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Fawlty Towers

1975, 1979. John Cleese, Prunella Scales, Connie Booth, Andrew Sachs; dir. John Howard Davies, Douglas Argent, Bob Spiers. 4 cas. 90m. ea. $29.98 ea. CBS/Fox. Image: good.CleeseCleese



from VIDEO, March 1987

Everyone has stayed in a bad hotel at one point or another, but it's unlikely anyone has ever had the ill luck to check into a seaside resort hotel as horribly run as Fawlty Towers. The Spanish waiter speaks no English; guests die; and there is sugar in the salt shaker. And if you try to complain you could get involved in an exchange like this:

Guest: "These prawns are off."

Hotel Manager: "But you've eaten half of them."

"Well, I didn't notice at the start."

"You didn't notice at the start?"

"Well, it was the sauce. I wasn't sure."

"So you ate half to make sure. Do you want another first course?"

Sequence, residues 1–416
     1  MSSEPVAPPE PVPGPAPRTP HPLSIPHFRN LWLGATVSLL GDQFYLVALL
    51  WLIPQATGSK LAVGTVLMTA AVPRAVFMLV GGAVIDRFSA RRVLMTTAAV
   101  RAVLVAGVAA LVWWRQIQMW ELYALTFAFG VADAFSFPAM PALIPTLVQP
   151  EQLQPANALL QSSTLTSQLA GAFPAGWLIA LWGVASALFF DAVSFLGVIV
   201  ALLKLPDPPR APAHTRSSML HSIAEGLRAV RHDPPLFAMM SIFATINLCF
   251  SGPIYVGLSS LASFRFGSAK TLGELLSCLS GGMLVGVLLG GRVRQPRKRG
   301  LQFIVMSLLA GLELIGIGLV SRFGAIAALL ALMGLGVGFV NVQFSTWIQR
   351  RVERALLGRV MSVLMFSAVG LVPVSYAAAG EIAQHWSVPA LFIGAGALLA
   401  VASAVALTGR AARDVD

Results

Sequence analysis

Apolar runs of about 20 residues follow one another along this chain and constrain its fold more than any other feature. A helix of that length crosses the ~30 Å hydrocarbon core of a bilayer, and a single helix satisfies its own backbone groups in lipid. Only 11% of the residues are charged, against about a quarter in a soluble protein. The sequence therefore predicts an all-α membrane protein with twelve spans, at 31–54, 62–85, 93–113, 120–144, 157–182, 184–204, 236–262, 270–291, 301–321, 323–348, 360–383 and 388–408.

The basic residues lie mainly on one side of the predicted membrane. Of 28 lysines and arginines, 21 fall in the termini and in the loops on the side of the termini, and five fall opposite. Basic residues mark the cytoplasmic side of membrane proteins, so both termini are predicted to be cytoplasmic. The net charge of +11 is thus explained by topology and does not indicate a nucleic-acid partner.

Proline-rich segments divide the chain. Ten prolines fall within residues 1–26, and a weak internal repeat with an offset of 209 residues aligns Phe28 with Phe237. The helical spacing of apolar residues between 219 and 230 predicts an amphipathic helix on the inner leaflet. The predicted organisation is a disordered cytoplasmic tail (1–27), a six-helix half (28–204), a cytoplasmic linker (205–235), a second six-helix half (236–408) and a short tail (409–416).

"Well, cancel it."

"Cancel it! Deduct it from the bill is what you mean."

"As it's inedible."

"Only half of it's inedible, apparently."

"Well, deduct half now and if my wife brings up the other half during the night we'll claim the balance in the morning."

That's the kind of place Fawlty Towers is, primarily because that's the kind of man hotel manager Basil Fawlty (Cleese) is-a toadying, bullying, hilarious hotelier who can turn a fire drill into an exercise in insanity and can never, ever get anything right. To Basil, hotel guests are an encumbrance, people who "expect to be waited on hand and foot while I'm trying to run a hotel...poking around for things to complain about." Basil is hindered and helped by Manuel the nitwit waiter (Sachs), whose broken English is only' matched by his broken intelligence, waitress/maid/aspiring artist Polly (Booth), and his wife, Sybil (Scales), a sharp-tongued engine of efficiency.

The 12-episode BBC series is pure genius, a show that alternates between side-splitting farce (Basil and Manuel trying to find a runaway rat while a hotel inspector prowls about) and cutting dialogue. To call Fawlty Towers the funniest series ever made may be an overstatement, but not much of one. It is certainly the funniest show ever made about a hotel-a wild, terrific comedy feast that is nearly flawless.

CBS/Fox has released the entire series on four cassettes of three episodes each. Check in!